Sharpening images can be a delicate balance between too much and too little.
This difference can ruin a great image especially when printed larger than the usual 6 x 4 print.
Many of today's modern digital cameras have the ability to sharpen images within the camera.
This is fine for the snapper who will only print their images in small format if at all.
The serious photographer will need more control of their work; so all image manipulations should be carried out of the camera.
To sharpen an image we are basically making the image to appear clearer and crisper. This is done by boosting the contrast between pixels. So lighter pixels will become lighter and the darker pixels will become darker.
Luckily we do not have to carry out this procedure ourselves, instead we can use the strangely named Unsharp Mask Filter in Photoshop. This filter seeks out the lighter and darker pixels in our images and applies our desired levels of sharpness to them for us.
Note - Sharpening cannot be used to make an out of focus or blurry image appear in focus or clearer.
There are three main controls in the Unsharp Mask Filter that control the level of sharpness added to the individual pixels of the image.
Amount - This adjusts the severity of the definition of the effect on each pixel. Usually a setting around 100 works well.
Radius - This decides how many pixels are affected around the edges of the sharpened pixels. To retain detail a setting of between 0.5 and 1 are best.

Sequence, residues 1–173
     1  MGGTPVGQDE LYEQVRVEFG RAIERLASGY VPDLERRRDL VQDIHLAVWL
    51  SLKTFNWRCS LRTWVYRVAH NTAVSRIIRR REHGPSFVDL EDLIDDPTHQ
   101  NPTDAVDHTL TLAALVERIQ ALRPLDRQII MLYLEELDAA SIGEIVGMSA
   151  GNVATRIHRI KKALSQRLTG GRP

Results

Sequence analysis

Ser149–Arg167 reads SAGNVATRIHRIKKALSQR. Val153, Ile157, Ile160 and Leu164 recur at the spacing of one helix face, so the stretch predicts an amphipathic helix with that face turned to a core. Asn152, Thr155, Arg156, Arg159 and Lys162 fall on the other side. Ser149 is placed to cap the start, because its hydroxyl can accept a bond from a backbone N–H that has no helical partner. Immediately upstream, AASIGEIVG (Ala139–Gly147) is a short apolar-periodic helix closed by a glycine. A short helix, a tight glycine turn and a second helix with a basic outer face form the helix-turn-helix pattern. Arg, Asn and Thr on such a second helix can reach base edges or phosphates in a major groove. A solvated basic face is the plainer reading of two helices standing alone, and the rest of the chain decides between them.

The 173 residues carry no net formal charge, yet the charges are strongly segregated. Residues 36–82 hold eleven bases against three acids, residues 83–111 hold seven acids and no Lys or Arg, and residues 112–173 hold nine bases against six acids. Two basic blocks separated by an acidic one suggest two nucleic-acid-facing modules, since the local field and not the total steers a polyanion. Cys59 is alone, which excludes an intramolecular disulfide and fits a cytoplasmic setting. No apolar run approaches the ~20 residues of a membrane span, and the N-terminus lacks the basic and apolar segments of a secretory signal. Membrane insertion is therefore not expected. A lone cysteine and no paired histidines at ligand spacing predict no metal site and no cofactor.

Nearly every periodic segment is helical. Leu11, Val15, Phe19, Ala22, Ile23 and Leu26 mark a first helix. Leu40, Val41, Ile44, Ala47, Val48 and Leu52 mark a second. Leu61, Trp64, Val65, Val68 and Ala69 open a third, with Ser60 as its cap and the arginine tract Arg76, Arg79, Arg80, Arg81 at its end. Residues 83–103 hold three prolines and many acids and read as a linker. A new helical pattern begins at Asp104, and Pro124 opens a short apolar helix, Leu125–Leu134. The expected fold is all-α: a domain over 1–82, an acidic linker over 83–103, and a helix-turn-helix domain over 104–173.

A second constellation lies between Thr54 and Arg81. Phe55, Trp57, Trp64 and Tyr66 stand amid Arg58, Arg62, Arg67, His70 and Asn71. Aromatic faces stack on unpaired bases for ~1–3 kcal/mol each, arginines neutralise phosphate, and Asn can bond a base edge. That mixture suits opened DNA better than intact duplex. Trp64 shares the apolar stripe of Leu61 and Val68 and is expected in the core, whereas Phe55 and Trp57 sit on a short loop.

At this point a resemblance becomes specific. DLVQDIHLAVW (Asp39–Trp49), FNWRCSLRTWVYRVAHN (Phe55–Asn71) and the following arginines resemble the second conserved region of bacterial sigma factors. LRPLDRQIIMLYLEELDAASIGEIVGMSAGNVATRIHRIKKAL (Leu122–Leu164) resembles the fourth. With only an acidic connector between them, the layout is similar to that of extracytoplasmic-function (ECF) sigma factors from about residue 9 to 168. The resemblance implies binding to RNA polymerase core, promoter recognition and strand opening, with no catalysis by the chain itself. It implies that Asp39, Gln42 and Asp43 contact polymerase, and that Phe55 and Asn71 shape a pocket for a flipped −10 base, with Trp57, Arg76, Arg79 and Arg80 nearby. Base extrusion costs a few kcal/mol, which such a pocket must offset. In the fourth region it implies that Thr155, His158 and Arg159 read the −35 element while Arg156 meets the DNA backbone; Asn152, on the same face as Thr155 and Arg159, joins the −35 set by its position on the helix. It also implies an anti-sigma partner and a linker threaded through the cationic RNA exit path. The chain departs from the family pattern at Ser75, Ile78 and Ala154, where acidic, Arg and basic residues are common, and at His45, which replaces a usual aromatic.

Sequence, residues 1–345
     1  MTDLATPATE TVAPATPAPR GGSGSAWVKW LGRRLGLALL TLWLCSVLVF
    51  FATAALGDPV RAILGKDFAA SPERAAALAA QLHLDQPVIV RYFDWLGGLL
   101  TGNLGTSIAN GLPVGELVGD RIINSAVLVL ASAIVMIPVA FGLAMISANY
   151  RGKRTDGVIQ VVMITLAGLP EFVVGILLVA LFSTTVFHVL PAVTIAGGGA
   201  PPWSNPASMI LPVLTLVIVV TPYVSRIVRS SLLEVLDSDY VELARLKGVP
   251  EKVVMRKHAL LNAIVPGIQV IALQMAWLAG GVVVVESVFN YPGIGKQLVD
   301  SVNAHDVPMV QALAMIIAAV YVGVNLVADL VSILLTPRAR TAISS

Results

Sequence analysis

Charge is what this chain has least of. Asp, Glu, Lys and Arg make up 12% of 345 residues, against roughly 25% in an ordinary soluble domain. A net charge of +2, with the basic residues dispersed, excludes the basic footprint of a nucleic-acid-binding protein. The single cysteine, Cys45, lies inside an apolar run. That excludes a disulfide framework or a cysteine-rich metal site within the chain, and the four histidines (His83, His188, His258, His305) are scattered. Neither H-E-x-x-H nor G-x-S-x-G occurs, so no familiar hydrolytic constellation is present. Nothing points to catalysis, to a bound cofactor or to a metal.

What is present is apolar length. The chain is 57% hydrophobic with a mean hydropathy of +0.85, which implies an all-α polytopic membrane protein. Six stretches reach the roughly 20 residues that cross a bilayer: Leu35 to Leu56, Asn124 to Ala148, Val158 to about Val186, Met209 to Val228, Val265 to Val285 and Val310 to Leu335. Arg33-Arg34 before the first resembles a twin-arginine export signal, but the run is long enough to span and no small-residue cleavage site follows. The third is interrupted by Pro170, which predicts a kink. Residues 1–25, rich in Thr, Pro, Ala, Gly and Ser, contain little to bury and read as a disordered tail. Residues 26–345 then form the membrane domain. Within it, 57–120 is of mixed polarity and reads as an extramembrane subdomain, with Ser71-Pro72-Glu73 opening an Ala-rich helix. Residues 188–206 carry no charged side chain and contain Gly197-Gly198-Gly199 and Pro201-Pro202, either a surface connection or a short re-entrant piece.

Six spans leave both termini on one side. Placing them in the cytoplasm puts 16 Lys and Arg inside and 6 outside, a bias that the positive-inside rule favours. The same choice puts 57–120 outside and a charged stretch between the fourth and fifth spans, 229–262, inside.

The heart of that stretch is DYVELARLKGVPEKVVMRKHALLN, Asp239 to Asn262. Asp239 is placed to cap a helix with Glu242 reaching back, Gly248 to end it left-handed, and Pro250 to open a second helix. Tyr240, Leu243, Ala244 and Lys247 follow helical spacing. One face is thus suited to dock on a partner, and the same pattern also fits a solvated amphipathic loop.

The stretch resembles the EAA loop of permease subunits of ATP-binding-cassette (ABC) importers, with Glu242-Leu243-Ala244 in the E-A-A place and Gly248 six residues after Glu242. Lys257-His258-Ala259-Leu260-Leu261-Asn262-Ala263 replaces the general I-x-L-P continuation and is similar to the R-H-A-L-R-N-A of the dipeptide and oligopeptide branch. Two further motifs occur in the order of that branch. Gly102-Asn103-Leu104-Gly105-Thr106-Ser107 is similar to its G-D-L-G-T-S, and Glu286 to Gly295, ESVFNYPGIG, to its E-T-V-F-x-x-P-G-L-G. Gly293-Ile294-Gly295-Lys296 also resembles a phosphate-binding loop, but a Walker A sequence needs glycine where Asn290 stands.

Threshold - this tell the software how different the pixels around the edge of the affected pixels have to be before they too will be affected by the filter effect. A setting of 0 will allow all pixels to be affected by the filter.
An overly sharpened image can look awful and knowing what to avoid will prevent you from getting some ugly results when you print your photos.
Halos - If the amount slider is pushed too high a dark or light glow can appear around the edges of your detail. This will give an unnatural appearance to your image
Noise - Noise or graininess can happen within the smooth areas of your images, such as skies, if you sharpen your images too much. Zoom in close when using the Unsharp Mask tool to check this is not happening.
TIP -When using the Unsharp mask always set the view image amount to 100% to see how the sliders are affecting the pixels in your image.